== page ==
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Medical Negligence: Misdiagnosis and Failure to Diagnose
Medical malpractice is described as an action made by a medical professional that is outside of the accepted standard of care by those in similar medical care positions. Malpractice is not limited to just doctors. Anyone who is in the medical field and provides direct care to the patient can be held responsible for malpractice.
It is very important that you do not mix up the poor outcome, dissatisfaction, or failure to respond to treatment as malpractice. There is not a single medical procedure or treatment that has a 100 percent guarantee that it will work and all treatments come with some form a risk. For malpractice to occur, the actions of the medical professional must cause harm to the patient.
Misdiagnosis and Failure to Diagnose
One of the areas of malpractice that is commonly seen by a personal injury lawyer in OKC is misdiagnosis or failure to diagnose. This can be a difficult type of case to prove, but it is not impossible. For a successful medical malpractice case to proceed, the attorney must prove the following four facts:
- There was an obligation of duty between the medical professional and the patient. This means that there was a working relationship between the patient and the care provider.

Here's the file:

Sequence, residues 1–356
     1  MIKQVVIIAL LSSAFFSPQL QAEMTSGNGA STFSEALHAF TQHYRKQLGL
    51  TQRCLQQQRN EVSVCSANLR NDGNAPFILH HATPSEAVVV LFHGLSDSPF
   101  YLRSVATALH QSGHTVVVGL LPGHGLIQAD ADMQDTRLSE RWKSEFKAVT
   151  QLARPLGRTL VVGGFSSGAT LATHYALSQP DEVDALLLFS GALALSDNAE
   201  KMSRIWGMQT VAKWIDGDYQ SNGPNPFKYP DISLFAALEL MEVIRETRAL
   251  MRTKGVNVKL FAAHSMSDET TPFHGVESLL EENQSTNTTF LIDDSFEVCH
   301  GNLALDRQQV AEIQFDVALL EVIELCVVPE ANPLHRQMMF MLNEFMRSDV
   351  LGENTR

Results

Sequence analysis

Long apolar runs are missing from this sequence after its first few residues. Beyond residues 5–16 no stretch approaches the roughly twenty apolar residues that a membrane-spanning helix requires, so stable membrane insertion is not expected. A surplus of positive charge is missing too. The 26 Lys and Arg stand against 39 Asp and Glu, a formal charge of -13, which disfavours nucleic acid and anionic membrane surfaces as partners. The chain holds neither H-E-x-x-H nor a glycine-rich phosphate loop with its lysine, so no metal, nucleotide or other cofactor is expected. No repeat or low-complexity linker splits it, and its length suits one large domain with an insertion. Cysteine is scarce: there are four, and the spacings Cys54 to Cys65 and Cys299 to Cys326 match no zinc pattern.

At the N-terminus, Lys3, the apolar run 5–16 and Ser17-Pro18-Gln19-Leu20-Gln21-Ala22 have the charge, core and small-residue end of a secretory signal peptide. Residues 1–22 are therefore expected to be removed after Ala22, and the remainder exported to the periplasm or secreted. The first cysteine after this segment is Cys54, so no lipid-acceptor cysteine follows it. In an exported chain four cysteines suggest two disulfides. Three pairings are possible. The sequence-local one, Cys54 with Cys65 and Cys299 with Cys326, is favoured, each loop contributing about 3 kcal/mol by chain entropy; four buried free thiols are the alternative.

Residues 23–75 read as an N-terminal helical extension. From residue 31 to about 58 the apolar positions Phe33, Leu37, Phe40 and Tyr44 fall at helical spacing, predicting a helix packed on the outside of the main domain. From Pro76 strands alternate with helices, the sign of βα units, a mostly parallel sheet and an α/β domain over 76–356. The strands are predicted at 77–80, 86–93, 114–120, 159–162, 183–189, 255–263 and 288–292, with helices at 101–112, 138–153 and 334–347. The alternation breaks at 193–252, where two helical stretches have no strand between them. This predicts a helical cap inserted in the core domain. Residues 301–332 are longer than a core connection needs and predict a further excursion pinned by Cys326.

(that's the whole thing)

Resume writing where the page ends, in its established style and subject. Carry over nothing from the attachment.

- The duty was broken when the medical care provider acted negligently in their duties.
- This breach of duties led to the patient being harmed.
- This harm has led to damages experienced by the patient.
In the case of misdiagnosis or failure to diagnose, your attorney will have to show:
- Other medical professionals with the same experience, training, or specialty would have acted differently and would have discovered the true cause of the medical problem being experienced by the patient.
- Failure of the medical care professional to correctly diagnose the disorder has led to harm of the patient
- This injury or harm has caused the patient to suffer losses, such as the requirement for additional medical care and costs, lost time from work for proper treatment, or other, more serious losses.
Example of a misdiagnosis case. A 65-year-old woman presents to the doctor with a sore shoulder area. The pain seems to be radiating into the collar bone area. The woman says that the onset of symptoms seemed gradual, but the real noticeable pain seems to have happened “overnight.” The woman has no other real medical conditions and leads a somewhat active lifestyle. She does not drink and quit smoking 20 years ago. The woman also stated that she was working in her garden the day before she noticed the sharp pain beginning.
The doctor, being overworked and overbooked, attributes the pain in the woman’s shoulder area as age-related aches and pains and prescribes a stronger version of an over the counter medication and tells her to ice up the area when it hurts. No further exam or testing or x-rays was conducted.